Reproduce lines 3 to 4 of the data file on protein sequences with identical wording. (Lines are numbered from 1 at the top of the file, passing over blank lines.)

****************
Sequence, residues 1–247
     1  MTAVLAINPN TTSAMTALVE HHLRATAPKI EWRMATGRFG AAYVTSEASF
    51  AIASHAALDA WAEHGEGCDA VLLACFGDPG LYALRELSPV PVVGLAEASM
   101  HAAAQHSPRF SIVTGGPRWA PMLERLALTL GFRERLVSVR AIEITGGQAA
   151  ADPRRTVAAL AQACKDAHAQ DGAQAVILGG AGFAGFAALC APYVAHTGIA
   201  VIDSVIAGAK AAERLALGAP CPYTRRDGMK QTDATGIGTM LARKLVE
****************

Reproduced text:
    51  AIASHAALDA WAEHGEGCDA VLLACFGDPG LYALRELSPV PVVGLAEASM
   101  HAAAQHSPRF SIVTGGPRWA PMLERLALTL GFRERLVSVR AIEITGGQAA